No One Is Safe

Cybercriminals are keeping pace with the major transformation steps that many companies have taken in recent months. Now, IT security fragmentation in the comprehensive home office is a serious problem. Here’s how to solve it.

No One Is Safe

Last week saw the publication of the FortiGuard Labs Global Threat Landscape Report. The results for the first half of 2020 are worrying: “Typically, we see large threat movements over the course of years, but we’ve seen that in the course of six months now, thanks to the new normal of the global pandemic,” says Derek Manky, Chief, Security Insights & Global Threat Alliances at Fortinet’s FortiGuard Labs.

Where corporate and office firewalls once provided protection, albeit not an all-encompassing one, the new widespread home workplaces are vulnerable.

Here is our elevator pitch for each key player in the constant battle against hackers and cybercriminals:

Related Summary in getAbstract’s Library
Image of: The Cybersecurity Playbook

The Cybersecurity Playbook

An indispensable guide to baking cybersecurity best practices into the corporate culture and everyday habits.

Allison Cerra Wiley

And here are three steps to counter the threat step by step:

1. Educate

Cyberdefense education has never been more important than today. Most of us still handle data and surfing habits negligently. Since most users do not have company-level IT support at home and work with their own computer that is not connected to a security network, the danger of an attack from the internet increases. However, it does not only increase for the individual user, but for the whole company, since individual PCs infected with malware or spyware, for example, are a gateway into the internal company networks and can therefore infect all (or many) other users at the same time.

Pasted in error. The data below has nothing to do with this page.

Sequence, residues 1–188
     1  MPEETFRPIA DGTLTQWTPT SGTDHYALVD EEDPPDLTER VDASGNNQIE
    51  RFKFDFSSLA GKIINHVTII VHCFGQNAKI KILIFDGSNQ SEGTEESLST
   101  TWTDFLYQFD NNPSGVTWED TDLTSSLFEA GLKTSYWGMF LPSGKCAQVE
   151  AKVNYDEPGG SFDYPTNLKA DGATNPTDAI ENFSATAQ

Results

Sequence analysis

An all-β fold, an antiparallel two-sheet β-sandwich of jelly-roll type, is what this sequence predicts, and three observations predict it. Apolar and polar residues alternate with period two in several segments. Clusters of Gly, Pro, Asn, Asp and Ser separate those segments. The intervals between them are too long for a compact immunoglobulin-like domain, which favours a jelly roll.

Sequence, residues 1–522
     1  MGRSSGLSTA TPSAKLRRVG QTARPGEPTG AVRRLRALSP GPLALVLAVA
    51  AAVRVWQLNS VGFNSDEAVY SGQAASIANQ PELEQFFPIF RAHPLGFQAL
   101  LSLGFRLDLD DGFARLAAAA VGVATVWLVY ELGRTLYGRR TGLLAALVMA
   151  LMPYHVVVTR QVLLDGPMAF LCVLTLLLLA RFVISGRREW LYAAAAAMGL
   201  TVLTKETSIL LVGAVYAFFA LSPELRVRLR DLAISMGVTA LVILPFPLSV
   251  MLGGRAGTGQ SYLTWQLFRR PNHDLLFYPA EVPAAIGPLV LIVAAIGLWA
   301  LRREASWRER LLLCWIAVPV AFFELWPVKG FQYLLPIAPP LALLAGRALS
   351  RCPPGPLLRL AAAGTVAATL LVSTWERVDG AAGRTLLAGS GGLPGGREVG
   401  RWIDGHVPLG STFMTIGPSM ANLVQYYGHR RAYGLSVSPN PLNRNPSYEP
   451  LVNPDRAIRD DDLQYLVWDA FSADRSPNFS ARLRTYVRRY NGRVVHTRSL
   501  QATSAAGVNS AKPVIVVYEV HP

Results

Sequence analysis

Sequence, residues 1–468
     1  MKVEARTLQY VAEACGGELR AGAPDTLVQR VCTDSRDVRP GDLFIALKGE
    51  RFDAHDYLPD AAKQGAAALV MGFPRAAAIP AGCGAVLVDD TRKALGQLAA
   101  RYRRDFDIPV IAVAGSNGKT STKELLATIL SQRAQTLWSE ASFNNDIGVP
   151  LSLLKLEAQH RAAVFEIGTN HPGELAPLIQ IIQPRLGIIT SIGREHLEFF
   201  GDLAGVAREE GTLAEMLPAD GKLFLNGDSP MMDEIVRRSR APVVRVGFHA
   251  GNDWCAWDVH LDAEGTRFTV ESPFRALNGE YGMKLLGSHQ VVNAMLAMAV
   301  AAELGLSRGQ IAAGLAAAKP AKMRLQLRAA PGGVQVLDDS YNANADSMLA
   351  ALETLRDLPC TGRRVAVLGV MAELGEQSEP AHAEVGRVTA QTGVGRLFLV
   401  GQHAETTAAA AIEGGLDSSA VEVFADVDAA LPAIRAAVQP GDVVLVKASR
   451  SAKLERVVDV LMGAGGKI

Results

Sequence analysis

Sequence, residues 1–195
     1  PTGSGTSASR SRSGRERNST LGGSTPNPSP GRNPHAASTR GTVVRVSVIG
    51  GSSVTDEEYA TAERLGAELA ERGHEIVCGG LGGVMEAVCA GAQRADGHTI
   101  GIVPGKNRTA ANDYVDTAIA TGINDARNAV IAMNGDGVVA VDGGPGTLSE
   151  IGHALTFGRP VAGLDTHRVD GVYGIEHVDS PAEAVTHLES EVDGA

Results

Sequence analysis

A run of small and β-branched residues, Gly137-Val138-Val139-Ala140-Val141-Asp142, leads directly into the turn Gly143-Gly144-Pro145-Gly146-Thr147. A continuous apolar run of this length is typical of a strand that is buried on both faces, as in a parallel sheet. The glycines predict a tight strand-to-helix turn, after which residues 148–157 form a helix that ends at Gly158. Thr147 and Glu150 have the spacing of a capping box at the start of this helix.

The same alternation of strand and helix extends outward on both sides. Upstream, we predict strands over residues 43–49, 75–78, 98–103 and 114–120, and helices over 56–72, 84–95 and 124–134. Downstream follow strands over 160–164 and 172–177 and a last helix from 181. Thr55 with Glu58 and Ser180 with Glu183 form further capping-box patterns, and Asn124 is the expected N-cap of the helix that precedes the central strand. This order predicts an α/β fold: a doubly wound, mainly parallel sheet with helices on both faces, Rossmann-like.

In Click Here to Kill Everybody, for example, internet security expert Bruce Schneier provides an eye-opening account of the failure of big tech and public policymakers to provide internet security. He then covers the potentially catastrophic consequences of that neglect. Schneier, who is a best-selling author and lecturer at the Harvard Kennedy School and Berkman-Klein Center for Internet & Society, details the risks of failing to act to improve cybersecurity. He offers ideas on actions you can take and runs through the obstacles blocking such actions in this must-read alert for everyone who spends time online.